How to: If possible, ask a partner to align your head to get the most benefit from Corpse Pose. Ask them to gently cradle your head in their hands and draw the base of your skull away from the back of the neck, lengthening the shorter side of the neck, so that both ears are equidistant from the shoulders. Then, ask your partner to lay your head back down on the floor, making sure that the tip of your nose is pointing directly toward the ceiling. If you’re alone, use your hands to lift the base of your skull away from the back of your neck before releasing it back to the floor. If you have any difficulty doing this, support the back of your head and neck on a folded blanket.

In Savasana, it’s essential that your body be in a neutral position. Lie on the floor and release both legs, softening your groin, and see that your legs and feet are angled evenly. Narrow your front pelvis and soften (but don’t flatten) your lower back. Reach your arms toward the ceiling and rock slightly from side to side, broadening your back ribs and your shoulder blades. Then release your arms to the floor. Rest the backs of your hands on the floor. Breathe.

Yoga poses to help prevent a migraine attack

Alexa Silvaggio in a bridge pose
(: Ian Spanier)

Setu Bandha Sarvangasana (Bridge Pose)

Why this yoga pose helps prevent migraines: Bridge Pose helps release tension in your upper body. In this pose, you also increase the blood supply to your brain by lifting your heart above your head.

How to: Lie supine on the floor, and if necessary, place a thickly folded blanket under your shoulders to protect your neck. Bend your knees and set your feet on the floor, heels as close to the sitting bones as possible. Exhale and, pressing your inner feet and arms actively into the floor, lift the buttocks off the floor. Keep your thighs and inner feet parallel. Clasp the hands below your pelvis and extend through the arms to help you stay on the tops of your shoulders. Lift your chin slightly away from your sternum and press the top of your sternum toward the chin.

Stay in the pose anywhere from 30 seconds to 1 minute. Release with an exhalation, rolling your spine slowly down onto the floor.

(: fizkes)

Uttanasana (Standing Forward Bend)

Why this yoga pose helps prevent migraines: Standing Forward Bend relieves stress and improves your circulation, which can help regulate your hormones.

How to: Start in Tadasana, hands on your hips. Exhale and bend forward at your hips, not your waist, to lengthen the front torso.

If possible, with your knees straight, bring your palms or fingertips to the floor slightly in front of or beside your feet, or bring your palms to the backs of your ankles. If this isn’t possible, cross your forearms and hold your elbows. Press the heels firmly into the floor and lift the sitting bones toward the ceiling.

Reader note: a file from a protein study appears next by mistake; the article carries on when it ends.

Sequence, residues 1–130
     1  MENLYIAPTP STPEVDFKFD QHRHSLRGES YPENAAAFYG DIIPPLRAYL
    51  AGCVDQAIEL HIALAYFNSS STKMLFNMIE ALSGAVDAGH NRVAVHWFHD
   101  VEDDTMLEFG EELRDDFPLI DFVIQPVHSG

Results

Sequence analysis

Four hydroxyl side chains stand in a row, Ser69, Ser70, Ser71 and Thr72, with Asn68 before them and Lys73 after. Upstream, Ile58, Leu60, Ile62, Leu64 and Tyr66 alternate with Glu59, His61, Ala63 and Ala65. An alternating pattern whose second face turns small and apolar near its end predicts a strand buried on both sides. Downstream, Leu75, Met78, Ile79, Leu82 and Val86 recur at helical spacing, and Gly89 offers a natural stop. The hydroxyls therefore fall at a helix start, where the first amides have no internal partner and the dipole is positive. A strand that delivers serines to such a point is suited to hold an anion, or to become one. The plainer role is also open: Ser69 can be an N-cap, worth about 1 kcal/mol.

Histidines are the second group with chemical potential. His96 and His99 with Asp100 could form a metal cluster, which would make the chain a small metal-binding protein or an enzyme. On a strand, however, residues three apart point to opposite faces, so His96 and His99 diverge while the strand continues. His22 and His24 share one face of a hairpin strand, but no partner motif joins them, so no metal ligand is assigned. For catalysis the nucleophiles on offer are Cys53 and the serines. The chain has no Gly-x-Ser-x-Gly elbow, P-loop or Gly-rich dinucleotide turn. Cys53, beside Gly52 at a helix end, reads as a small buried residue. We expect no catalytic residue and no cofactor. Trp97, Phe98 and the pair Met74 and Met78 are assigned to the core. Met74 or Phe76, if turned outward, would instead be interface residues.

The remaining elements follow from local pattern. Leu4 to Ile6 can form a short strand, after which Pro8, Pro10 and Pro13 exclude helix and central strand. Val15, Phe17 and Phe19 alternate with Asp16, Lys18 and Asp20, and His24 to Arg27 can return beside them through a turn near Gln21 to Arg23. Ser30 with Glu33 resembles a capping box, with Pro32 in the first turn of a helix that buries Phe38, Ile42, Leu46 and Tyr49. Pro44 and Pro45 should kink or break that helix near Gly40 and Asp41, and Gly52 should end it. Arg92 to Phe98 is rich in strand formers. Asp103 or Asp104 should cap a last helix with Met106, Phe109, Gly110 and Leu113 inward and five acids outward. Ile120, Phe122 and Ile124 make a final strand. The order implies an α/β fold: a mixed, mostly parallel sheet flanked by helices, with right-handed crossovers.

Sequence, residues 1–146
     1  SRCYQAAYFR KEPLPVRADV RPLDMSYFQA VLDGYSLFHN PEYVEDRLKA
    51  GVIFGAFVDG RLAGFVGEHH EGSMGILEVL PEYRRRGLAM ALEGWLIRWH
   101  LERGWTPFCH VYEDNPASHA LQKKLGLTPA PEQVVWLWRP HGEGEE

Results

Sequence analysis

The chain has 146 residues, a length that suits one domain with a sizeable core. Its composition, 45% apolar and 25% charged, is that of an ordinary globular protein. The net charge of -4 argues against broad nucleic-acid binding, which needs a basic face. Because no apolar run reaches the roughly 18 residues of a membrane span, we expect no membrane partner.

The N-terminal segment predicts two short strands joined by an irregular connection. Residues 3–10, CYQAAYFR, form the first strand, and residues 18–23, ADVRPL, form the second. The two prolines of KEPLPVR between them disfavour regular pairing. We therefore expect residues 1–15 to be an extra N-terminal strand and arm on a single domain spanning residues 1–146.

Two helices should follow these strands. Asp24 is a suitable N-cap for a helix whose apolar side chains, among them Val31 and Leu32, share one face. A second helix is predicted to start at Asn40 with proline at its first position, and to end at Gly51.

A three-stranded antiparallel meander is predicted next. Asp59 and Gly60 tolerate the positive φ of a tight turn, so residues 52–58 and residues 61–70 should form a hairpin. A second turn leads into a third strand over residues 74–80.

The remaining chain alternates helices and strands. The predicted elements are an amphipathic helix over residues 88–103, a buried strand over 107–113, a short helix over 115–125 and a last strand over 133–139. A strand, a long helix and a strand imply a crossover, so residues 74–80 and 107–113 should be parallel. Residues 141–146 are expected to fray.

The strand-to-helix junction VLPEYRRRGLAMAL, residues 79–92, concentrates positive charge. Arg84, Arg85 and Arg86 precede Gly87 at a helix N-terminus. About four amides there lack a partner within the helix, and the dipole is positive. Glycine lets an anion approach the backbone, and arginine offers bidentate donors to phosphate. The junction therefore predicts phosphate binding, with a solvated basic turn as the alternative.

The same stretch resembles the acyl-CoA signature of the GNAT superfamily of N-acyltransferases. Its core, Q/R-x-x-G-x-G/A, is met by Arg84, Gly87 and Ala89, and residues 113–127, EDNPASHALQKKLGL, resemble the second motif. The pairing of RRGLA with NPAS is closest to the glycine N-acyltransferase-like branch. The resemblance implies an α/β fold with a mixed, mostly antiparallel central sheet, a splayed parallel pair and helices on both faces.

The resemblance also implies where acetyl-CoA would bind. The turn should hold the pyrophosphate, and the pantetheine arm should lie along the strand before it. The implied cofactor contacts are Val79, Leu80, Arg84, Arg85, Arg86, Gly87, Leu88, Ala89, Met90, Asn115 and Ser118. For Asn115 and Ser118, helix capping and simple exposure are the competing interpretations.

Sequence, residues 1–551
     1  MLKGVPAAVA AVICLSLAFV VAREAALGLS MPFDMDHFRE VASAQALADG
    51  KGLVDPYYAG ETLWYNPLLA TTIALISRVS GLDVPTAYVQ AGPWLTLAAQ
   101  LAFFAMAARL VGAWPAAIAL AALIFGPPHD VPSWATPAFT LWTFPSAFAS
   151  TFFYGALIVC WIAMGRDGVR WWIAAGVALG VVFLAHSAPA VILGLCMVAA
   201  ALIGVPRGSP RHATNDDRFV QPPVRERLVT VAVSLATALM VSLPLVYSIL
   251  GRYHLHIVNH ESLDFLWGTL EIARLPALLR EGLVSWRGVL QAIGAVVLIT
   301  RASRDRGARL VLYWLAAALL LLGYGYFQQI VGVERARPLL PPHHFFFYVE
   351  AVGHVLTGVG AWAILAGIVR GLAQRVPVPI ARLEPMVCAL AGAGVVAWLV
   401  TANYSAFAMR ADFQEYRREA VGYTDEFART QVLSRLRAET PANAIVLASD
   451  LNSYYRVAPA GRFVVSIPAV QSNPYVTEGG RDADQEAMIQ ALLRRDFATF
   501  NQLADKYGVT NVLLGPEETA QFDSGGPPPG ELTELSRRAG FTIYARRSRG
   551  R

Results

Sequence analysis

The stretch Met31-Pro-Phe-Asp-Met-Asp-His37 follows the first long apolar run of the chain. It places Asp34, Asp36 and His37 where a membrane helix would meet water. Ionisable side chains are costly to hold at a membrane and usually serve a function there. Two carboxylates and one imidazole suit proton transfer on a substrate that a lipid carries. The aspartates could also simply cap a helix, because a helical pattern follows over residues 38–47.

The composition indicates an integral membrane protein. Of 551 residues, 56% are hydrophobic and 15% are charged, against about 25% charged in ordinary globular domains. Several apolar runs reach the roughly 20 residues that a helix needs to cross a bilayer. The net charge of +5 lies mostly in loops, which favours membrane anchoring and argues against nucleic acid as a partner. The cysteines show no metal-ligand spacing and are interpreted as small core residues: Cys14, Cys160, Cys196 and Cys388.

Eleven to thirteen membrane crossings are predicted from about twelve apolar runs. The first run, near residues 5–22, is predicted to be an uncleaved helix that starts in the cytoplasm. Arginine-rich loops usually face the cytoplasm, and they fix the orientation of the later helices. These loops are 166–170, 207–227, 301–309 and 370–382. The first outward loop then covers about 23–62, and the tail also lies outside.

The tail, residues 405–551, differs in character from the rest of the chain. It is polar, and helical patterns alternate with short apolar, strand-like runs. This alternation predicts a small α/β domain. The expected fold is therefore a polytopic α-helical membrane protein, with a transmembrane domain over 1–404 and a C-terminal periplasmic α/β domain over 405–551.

With each inhale, lift your body slightly. With each exhale, release into the pose a little more. Let your head hang from the root of the neck, which is deep in the upper back, between the shoulder blades.

Viparita Karani (Legs-Up-The-Wall Pose)

Why this yoga pose helps prevent migraines: This pose is known to be helpful for a range of ailments, including high and low blood pressure, depression, anxiety, headaches, and migraines.

How to: You may want to fold one or two blankets and put them under your lower back for added support in this pose. If you’re stiff, the support should be lower and placed farther from the wall; if you’re more flexible, use a higher support that is closer to the wall. You also may need to adjust your distance from the wall based on your height—if you’re shorter, move closer to the wall; if you’re taller, move farther away.

Start with your support about 5 to 6 inches away from the wall. Sit sideways on the right or left end of the support—whatever side feels more comfortable—with your side against the wall . Exhale and swing your legs up onto the wall while bringing your shoulders and head lightly down onto the floor. Your buttocks don’t need to be pressed up against the wall, but they should fit in between the support and the wall.

Lift and release the base of your skull away from the back of your neck, soften your throat, and keep your chin in a natural position. Open your shoulder blades away from the spine and release your hands and arms out to your sides, palms up. Keep your legs relatively firm, just enough to hold them vertically in place. Stay in the pose for 5–15 minutes.